Do you believe in magic or math? Some marketers believe there's a magic number of times to post, share and distribute their content. The magic number varies based on budget and preconceived notions, but the goal is the same: create messages that make people click, like and engage.

But what if those "magic numbers" are really just random choices? What if creating effective content that really resonates requires more sophisticated math?

From pine cones, to ram's horns to attractive faces, there's a secret geometry to nature's beauty. It's based on a series of numbers in which each is the sum of the two preceding numbers (1,1, 2, 3, 5, 8, 13...).

This series of number is called the Fibonacci sequence and it serves as a structural underpinning for some of the world's most famous art, from the Great Pyramids of Giza to the Mona Lisa. This structure, which has fascinated biologists, artists, musicians, and architects since the ancient Greeks, is also known as the Golden Ratio.

Nice cocktail party conversation, but why should you care?

Because in content--just like architecture, music, and art--structure, harmony, and proportions matter. Pay attention to those structural underpinnings and your content will be golden (pun intended).

That means factoring in five essential elements: believability, sustainability, repeatability, likability and feasibility.


The golden ratio for great storytelling starts with believability. Your content should feel honest and true and follow a solid storytelling structure. Examine the greatest stories ever told and you'll be a better marketer for it.

The basics of good story telling are the same as they were 2,000 years ago. You need an intriguing beginning, or "hook," a middle that will keep people reading, and a satisfying ending. Believable, repurpose-able content creates authentic stories and ultimately, builds brands.

Think of Elon Musk's recent Hyperloop campaign. He promised that his high-speed train could get people from New York City to Washington D.C. in 29 minutes. He's foretelling the future of the transportation industry with a 29-minute hook.

There's little evidence to demonstrate this Hyperloop is possible, barring a link to a white paper and simulation video provided in the tweet, but that's not important. We want to believe it's true and that's enough to make this technique work. 


One is the first number in the Fibonacci sequence--the number on which the entire sequence is built. By identifying one key truth about your brand, you can create a sustainable campaign that will be successful for decades. 

Just ask MasterCard CMO Raja Rajamannar, who inherited MasterCard's iconic "Priceless" campaign. Rather than start over to make his mark, Rajamannar understood the campaign's 20-year longevity was due to one sustainable truth: Moments matter more than things.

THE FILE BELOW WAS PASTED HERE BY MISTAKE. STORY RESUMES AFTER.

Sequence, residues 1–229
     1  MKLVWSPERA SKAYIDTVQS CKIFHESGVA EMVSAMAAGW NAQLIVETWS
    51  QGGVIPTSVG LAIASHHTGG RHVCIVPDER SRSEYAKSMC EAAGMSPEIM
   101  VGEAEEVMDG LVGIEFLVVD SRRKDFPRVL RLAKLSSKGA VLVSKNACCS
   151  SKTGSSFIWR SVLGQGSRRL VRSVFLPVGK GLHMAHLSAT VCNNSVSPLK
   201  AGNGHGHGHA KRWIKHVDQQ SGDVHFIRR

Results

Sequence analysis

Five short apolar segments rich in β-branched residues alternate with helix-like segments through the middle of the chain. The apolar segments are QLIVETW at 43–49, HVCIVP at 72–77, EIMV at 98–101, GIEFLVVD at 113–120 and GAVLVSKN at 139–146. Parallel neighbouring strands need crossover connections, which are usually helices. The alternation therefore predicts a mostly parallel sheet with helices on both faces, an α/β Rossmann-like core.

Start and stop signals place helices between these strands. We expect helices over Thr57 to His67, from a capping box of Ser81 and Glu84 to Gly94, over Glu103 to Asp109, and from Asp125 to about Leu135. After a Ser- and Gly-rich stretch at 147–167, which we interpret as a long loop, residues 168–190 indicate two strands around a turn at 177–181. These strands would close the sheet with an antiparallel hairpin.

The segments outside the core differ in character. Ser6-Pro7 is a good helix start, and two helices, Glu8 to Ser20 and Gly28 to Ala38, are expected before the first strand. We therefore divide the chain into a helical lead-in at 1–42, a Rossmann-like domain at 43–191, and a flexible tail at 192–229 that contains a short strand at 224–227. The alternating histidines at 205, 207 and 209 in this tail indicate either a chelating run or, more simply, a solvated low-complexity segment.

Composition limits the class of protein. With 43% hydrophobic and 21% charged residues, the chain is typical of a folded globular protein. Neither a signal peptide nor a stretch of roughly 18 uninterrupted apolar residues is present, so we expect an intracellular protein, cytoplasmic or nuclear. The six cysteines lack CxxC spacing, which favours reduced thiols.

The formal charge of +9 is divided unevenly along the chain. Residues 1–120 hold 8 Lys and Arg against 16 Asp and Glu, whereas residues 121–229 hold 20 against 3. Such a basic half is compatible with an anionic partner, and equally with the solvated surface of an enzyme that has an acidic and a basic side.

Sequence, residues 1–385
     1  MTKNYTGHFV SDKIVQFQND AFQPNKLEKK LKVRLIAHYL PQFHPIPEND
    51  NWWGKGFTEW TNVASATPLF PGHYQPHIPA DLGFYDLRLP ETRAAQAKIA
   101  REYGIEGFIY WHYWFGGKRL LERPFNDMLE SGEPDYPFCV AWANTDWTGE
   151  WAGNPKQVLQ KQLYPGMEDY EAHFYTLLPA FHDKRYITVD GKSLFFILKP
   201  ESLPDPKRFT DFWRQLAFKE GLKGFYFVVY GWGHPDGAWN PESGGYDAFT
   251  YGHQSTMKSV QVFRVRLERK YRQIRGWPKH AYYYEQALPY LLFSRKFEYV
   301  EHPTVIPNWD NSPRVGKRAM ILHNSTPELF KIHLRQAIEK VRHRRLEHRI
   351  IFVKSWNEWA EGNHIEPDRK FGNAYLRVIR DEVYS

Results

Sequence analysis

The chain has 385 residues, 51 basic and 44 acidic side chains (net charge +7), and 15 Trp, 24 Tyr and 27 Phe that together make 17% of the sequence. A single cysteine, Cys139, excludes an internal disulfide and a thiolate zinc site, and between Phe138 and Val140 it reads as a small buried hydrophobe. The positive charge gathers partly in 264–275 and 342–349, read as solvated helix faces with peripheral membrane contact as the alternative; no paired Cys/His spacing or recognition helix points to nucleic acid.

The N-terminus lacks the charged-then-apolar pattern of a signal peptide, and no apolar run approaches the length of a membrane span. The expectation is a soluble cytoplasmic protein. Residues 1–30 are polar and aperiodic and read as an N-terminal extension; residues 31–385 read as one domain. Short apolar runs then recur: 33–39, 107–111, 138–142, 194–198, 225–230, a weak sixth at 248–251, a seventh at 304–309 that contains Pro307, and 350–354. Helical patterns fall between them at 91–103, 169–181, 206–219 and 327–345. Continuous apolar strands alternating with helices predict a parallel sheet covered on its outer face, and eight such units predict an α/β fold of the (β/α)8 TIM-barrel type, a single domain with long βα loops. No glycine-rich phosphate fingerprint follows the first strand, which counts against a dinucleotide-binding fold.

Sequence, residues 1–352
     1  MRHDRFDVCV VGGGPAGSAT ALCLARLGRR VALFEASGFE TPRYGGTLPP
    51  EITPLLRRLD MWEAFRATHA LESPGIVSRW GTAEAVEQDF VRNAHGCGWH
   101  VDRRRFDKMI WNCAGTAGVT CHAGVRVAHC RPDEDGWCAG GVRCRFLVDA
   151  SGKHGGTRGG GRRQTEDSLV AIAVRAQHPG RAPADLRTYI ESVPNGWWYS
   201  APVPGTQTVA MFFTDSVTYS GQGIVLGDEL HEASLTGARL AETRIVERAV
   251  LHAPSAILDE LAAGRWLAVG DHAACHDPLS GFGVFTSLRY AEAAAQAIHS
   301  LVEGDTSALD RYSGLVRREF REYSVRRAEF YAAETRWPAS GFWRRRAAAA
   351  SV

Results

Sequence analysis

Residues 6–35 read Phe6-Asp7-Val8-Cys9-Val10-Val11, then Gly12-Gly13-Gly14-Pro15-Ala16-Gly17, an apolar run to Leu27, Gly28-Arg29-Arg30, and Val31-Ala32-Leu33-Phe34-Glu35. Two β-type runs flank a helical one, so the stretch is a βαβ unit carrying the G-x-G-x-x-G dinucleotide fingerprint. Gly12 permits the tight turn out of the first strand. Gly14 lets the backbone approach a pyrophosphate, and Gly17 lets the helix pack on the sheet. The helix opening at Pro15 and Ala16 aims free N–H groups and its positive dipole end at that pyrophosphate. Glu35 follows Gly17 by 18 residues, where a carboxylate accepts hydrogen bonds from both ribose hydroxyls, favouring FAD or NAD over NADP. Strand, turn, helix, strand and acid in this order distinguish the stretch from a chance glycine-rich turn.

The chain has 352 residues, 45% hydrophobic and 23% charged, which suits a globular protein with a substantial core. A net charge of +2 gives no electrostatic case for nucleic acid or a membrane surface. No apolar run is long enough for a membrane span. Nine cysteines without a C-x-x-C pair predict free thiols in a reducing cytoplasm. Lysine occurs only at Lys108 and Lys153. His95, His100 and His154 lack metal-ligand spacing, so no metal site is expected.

As Rajamannar puts it, "We offer people the one thing money can't buy: experience." The campaign offers dozens of experiences in dozens of cities around the world, but they all focus on that one big idea.

The campaign is sustainable--it transcends generation, location, and culture. Developing this type of campaign doesn't have to cost a fortune. It requires finding your brand's one key truth and focusing on it.


Albert Einstein's equation E=MC2 contains a mysterious pattern that is revealed in the Fibonacci Sequence.  

Interestingly, Einstein was also a great storyteller.

He built his personal brand by reducing complex concepts to their simple essence. His genius is in math and physics, but it is his ability to turn his work into a story that made him an icon. E=MC2 is the one mathematical formula most people know.

It's not only genius, it's repeatable.


Wolfgang Amadeus Mozart composed his timeless sonatas in three parts: exposition, development and recapitulation.

In the margins of Mozart's scores, he jotted down mathematical equations to base his composition on the Golden Ratio. His music is pleasing to the ear because it is balanced, making it likeable to everyone who hears it.

As marketers, we know our content can't be music to everyone's ears, and our brand is bound to strike the occasional dissonant note.   When that happens, it's tempting to just focus on the positive and move on. Instead, see if you can pinpoint out what it is about your content that turned people off, so you don't make the same mistake twice.

Build likeability and authenticity into your brand on purpose.


As Malcolm Gladwell suggests in The Tipping Point, "That is the paradox of the epidemic: that in order to create one contagious movement, you often have to create many small movements first."

Big ideas can start out small. There's no need to go big right out of the gate. Small strategic gains can make the biggest waves. As you gain momentum, you keep adding and adding until--like the Fibonacci sequence--your campaign spirals into something big.